High grades will no longer be the only path to admission at the University of B.C., now that the school will also begin to consider personal profiles written by high school students.
The new admissions procedure, which the school is set to announce next week, will require students to describe the challenges they've faced as well as their leadership and teamwork skills.
"We think that the broader-based admission process will give us a lot richer information about who our applicants are," Lisa Collins of UBC Enrolment Services told CTV News.
Paul Harrison, the associate dean of student services for the Faculty of Science, says that the minimum average grade to get into the faculty has risen from the mid-80s to about 90 per cent in recent years. While academic achievement will still be the main consideration for applicants to UBC, Harrison says the school is trying to make sure it doesn't miss out on worthy students.
"The kinds of skills and behaviours that will lead to success in university are not necessarily reflected for everybody in their high school grades," he said.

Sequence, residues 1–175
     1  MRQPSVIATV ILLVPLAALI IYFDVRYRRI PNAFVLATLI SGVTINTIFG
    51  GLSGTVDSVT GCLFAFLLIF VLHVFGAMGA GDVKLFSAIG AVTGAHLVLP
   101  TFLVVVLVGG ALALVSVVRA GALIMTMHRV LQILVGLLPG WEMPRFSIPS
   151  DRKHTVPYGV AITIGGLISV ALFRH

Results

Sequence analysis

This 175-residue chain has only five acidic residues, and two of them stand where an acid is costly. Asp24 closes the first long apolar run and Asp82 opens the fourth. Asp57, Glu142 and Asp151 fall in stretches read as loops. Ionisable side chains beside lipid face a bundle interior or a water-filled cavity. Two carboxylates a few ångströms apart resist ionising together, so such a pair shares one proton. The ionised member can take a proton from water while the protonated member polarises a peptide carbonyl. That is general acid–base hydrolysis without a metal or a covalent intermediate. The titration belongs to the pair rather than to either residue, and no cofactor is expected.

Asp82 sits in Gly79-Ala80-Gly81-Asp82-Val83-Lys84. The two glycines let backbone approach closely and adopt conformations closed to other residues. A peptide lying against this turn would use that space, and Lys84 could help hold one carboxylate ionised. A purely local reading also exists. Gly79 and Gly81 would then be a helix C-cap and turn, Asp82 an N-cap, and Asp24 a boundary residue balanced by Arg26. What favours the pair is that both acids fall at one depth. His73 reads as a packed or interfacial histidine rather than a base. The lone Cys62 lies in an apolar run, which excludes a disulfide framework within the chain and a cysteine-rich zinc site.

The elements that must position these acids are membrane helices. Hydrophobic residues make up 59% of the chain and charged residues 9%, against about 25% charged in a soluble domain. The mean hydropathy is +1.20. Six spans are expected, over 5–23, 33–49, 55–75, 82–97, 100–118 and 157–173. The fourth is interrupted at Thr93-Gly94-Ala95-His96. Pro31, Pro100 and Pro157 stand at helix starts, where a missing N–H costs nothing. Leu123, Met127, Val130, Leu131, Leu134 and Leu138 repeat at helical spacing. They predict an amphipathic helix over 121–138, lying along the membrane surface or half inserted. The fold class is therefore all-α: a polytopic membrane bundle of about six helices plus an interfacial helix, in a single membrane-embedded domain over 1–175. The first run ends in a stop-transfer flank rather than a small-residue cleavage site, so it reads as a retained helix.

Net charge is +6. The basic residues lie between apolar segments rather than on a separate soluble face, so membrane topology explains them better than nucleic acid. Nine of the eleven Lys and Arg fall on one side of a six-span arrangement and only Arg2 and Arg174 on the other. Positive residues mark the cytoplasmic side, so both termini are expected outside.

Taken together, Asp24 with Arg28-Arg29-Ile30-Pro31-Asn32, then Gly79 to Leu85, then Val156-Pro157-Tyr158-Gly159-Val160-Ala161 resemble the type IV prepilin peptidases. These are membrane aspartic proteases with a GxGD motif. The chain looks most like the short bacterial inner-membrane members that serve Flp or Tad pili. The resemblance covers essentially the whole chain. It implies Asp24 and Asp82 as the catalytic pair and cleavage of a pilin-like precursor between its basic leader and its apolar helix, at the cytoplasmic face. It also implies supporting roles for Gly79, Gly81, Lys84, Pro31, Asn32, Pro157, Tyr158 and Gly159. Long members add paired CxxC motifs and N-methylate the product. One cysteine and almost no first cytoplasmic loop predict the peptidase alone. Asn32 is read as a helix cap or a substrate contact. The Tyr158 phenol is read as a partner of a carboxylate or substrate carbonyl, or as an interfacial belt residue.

At UBC's Sauder School of Business, personal profiles have been a requirement for several years. Some business students who spoke with CTV News said they suspect some classmates padded their applications to get in, lying about extracurriculars they didn't participate in.
UBC officials say they will be beefing up their screening procedures to weed out the cheaters.
"We do have mechanisms to catch them," Collins said. "They need to provide references who can verify what it is they've listed on their personal profile. We do random checking of those applications to verify information."
She added that if lies are uncovered, the student responsible will not be admitted to UBC.
The new procedure starts this year for all September undergraduate applications.
With a report from CTV British Columbia's Mi-Jung Lee